Rorschach Thematic Apperception Test (TAT) Childrens Thematic Apperception Test (CAT) Draw-a-Person Test Sentence-completion tests

Sentence Completion Test

I like __________ The happiest time __________

I want to know ___________

I am sorry for __________ I hate __________ I worry __________

Psychological Assessment

Nonprojective Techniques

mostly self-reporting tests Non projective tests include:

Weschler Adult Intelligence Scale (WAIS) Minnesota Multiphasic Personality Inventory-2 (MMPI-2) Weschler Intelligence Scale for Children (WISC) Beck Depression Inventory (BDI)

Psychological Assessment

Neuropsychological testing

Behavioral measures are used to assess brain functioning especially higher cerebral functioning (cognitive skills/ability) Measures deficits in cognitive functioning (i.e., a persons ability to think, speak, reason, etc.) that may result from some sort of brain damage

Psychological Assessment

Neuropsychological Tests (continued)

Are behavioral they are not invasive and present no physical risk May require reading or listening to verbal information, viewing nonverbal visual information, or palpating stimuli Some tasks require written responses or verbal responses; some will require manipulation of objects, puzzles, drawing

Psychological Assessment

A patient hears the words Neuropsychological Tests What might they think?

How can you prepare a patient for neuropsychological testing?

Psychological Assessment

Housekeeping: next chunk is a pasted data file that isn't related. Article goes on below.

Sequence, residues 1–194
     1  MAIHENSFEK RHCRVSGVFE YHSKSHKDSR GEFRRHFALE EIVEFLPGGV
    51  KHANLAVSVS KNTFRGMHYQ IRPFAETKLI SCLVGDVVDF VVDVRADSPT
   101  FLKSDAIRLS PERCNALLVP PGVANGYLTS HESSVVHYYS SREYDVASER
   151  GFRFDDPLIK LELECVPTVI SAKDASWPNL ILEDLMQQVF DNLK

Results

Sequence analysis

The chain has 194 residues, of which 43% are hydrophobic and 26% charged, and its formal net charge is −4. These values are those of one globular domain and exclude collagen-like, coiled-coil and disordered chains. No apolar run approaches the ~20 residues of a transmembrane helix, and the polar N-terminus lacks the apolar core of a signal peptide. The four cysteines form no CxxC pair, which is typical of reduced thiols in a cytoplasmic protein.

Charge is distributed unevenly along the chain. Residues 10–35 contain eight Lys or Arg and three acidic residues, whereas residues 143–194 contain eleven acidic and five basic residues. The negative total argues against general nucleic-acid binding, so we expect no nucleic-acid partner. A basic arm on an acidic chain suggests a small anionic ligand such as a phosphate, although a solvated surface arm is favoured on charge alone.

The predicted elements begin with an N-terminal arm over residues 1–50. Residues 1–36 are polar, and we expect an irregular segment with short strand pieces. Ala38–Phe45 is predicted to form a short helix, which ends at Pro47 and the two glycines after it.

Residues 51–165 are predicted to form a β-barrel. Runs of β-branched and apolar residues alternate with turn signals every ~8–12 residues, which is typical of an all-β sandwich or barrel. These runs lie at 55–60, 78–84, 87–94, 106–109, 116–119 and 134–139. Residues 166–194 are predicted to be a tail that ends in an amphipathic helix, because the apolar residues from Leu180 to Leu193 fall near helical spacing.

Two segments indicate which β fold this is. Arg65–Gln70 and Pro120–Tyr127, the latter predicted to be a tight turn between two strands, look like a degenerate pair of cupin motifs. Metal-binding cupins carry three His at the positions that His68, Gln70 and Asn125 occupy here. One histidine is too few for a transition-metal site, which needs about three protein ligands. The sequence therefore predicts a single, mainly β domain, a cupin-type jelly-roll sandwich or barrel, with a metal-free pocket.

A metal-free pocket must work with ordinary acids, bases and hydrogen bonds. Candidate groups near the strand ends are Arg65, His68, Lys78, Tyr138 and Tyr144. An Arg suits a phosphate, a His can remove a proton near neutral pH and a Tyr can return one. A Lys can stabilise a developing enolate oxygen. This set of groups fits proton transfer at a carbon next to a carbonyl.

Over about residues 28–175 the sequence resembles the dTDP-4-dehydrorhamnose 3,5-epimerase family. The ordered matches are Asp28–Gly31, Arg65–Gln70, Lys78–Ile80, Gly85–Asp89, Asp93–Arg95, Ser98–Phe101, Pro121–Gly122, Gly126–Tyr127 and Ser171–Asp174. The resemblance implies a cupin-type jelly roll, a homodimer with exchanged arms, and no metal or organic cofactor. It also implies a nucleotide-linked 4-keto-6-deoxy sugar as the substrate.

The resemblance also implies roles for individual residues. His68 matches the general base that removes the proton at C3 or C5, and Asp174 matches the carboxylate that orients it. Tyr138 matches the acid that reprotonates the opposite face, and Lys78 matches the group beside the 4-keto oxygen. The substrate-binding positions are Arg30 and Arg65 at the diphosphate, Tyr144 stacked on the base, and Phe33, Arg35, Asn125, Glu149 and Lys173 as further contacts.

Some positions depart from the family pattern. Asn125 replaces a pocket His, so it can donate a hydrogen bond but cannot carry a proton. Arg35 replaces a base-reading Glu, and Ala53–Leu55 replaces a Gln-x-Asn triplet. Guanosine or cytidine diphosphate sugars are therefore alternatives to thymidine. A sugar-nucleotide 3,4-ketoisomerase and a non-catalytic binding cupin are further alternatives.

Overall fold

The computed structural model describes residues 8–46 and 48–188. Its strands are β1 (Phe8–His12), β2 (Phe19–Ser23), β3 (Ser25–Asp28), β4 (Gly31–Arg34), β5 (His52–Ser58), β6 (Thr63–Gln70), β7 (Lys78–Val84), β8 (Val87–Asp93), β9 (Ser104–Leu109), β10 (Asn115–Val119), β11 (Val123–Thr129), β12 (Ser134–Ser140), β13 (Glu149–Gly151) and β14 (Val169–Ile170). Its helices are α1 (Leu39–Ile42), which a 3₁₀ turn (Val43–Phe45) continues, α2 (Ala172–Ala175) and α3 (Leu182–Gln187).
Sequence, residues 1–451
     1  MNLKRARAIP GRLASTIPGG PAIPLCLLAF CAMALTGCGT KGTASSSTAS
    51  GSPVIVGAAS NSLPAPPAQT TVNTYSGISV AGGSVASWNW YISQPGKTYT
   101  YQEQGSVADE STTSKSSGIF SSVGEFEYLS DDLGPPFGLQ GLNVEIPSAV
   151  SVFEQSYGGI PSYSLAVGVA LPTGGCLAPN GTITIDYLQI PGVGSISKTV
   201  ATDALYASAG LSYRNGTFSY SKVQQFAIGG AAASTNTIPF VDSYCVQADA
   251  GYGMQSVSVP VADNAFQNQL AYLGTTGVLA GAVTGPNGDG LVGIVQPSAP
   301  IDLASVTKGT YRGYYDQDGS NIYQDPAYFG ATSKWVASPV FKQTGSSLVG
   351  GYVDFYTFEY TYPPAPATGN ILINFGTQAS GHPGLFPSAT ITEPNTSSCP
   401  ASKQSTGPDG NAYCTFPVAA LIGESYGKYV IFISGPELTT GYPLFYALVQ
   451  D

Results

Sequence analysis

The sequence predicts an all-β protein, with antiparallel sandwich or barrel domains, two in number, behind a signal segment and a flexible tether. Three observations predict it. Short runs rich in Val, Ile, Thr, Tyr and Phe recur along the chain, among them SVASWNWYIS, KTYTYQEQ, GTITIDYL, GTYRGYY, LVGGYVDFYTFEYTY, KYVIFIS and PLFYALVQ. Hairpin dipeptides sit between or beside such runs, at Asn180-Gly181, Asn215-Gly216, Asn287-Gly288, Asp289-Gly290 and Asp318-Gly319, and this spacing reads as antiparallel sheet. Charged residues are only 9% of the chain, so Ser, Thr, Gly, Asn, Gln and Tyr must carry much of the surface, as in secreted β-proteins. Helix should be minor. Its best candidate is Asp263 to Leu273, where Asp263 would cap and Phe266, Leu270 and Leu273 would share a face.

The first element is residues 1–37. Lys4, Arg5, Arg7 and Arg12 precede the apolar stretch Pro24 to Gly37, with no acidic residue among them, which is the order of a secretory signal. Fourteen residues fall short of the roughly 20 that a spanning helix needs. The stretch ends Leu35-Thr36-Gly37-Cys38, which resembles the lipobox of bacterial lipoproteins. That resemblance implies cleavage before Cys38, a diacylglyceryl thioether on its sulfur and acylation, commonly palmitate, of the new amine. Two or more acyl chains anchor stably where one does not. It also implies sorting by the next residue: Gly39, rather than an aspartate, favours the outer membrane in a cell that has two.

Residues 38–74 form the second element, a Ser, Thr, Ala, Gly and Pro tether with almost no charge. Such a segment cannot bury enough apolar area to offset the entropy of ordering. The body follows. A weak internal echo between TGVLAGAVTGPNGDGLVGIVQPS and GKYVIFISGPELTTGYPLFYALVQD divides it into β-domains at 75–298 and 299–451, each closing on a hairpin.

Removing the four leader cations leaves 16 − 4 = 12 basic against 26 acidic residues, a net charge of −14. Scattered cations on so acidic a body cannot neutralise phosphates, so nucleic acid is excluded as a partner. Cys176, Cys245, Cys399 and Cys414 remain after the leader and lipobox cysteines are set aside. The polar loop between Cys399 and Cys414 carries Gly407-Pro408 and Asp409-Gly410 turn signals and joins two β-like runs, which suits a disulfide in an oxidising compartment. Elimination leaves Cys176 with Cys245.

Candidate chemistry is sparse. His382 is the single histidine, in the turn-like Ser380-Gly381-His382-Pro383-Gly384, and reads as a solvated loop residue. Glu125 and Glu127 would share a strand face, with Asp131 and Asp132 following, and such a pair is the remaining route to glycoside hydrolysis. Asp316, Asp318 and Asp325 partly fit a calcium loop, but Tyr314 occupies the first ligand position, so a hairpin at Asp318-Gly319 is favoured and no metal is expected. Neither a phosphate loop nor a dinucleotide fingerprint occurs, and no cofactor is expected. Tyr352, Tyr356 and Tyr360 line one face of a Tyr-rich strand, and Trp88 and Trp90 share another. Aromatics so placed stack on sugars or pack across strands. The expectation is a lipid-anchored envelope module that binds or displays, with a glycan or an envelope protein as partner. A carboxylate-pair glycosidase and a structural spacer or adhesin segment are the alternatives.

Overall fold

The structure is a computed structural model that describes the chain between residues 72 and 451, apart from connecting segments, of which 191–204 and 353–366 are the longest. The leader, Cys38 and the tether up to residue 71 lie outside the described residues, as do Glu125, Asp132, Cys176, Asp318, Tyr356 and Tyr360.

Brain Imaging Used to understand the relationship between brain structure and functions such as speech and memory Increase understanding of brain disorders (e.g., schizophrenia, depression) Locate and treat epilepsy, brain tumors, and other disorders with precision

Brain imaging includes Brain structure Computed Tomography Scan (CT) Magnetic Resonance Imaging (MRI) Brain function Single photon emission computed tomography (SPECT): Positron emission tomography (PET) Electrophysiologic activity: Electroencephalography (EEG) Quantitative EEG, or brain electrical activity mapping (BEAM) Functional MRI

Psychological Assessment

Use Brain Imaging? To detect or exclude organic factors that could be contributing to psychiatric (or neurological) symptomatology The first signs of organic brain lesions are often cognitive dysfunctions, mood disturbances, and psychotic manifestations

Mental Health Professionals

Psychiatrist (Child/Adolescent Psychiatrist) Psychiatric Nurse Practitioner Psychologist Clinical Social Worker Licensed Professional Counselor Marital and Family Therapist Certified Alcohol and Drug Abuse Counselor Pastoral Counselor

How and to whom do I make a referral?

To whom you refer depends on your level of concern for the patient

Is it an acute crisis, i.e. suicide risk? Is it a developmental crisis, i.e. divorce, death of a loved one?

Suicide hotline Suicide intervention listing in phone book Local hospitals National Alliance for the Mentally Ill (NAMI)

American Psychiatric Association. (2008). DSM-V: The future manual. Retrieved on August 14, 2008, from DSM-IV. (1994). American Psychiatric Association. DSM-V Timeline. (n.d.). Retrieved on April 6, 2008, from Frances, A., Mack, A., Ross, R., & First, M. (2000). The DSM-IV classification and psychopharmacology retrieved on April 6, 2008, from

National Institute of Mental Illness. (2008). The numbers count: mental disorders in America. Retrieved on August 10, 2008 from he-numbers-count-mental-disorders-inamerica.shtml#Intro National Mental Health Association. (2001). Americas Mental Health Survey. Roper Starch Worldwide Inc. Retrieved on August 13, 2008, from eport2001.pdf